Living proof Jews can play pool (along with Sigel of course)! I had a nice long chat with him on the phone after he read my book. He loved the stories (even though my action was child's play for him) and all the pictures of guys he knew and played. He was very complimentary and kind to me and I told him I was a big fan of his as well. Amazing that Bernie, Billy and Jimmy Marino all came out of Pittsburgh about the same time. Three of the best!

Thanks for the memories Bernie! You were part of a golden era in pool.
I haven't thought of that name in years. I actually sold his oven ware. It was like a 42 piece set nicely packaged and if I remember right cost me like $8.00 a set. The boxes were marked something like $59.95 and you could get $25 with your eyes closed. It was nothing to sell 30 or 50 sets in a day. A lot of pool players made a lot of money with his stuff.
RIP Bernie
 
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Mark Griffin

AzB Gold Member
Gold Member
Silver Member
Bernie Schwartz

I never really knew Bernie, but I did know who he was.

Sorry to hear of your loss, Billy.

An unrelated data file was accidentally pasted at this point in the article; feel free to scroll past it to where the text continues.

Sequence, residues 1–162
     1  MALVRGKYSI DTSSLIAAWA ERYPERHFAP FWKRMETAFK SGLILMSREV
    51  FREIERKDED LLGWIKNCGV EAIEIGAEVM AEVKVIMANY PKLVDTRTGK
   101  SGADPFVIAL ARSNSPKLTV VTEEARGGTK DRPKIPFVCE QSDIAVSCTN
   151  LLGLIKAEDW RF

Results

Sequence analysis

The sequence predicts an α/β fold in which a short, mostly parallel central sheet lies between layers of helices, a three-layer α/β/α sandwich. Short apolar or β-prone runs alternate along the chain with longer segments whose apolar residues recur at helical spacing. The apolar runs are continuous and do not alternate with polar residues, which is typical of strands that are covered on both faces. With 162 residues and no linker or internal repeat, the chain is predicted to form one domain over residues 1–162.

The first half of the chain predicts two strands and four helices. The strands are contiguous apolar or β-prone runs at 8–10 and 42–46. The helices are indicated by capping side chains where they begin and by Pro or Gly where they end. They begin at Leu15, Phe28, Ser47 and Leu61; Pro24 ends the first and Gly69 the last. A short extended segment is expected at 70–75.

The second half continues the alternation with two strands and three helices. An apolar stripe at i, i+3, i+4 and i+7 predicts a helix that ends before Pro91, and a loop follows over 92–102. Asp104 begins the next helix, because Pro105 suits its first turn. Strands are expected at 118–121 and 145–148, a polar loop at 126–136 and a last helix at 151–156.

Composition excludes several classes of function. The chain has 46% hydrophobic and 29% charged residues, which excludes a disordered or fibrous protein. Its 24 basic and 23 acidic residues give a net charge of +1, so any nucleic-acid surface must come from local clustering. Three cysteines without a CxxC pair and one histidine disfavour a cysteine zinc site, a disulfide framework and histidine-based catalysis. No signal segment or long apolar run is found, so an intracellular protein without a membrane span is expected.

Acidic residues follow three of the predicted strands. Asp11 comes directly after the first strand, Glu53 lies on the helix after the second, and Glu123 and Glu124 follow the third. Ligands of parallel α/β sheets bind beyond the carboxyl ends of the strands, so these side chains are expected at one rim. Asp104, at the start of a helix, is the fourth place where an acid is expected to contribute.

RIP Mr. Schwartz

Mark Griffin
 
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jay helfert

Shoot Pool, not people
Gold Member
Silver Member
I never really knew Bernie, but I knew who he was.
I did see him at a couple of events over the years, always with Billy I.

Sorry to hear of your loss, Billy.

I don't remember the name of the book, but Bernie wrote a pretty good book on playing 8-ball.

RIP Mr. Schwartz

Mark Griffin


That was Larry Schwartz, no relation.
P.S. Remember Mark, the "Schwartz" is with you!
 

ENGLISH!

Banned
Silver Member
I'm sorry for your loss. My condolences.

I too have recently lost a pool playing friend

I'll prayer for all who knew him.

Best Regards,
 

Paul Schofield

AzB Gold Member
Gold Member
Silver Member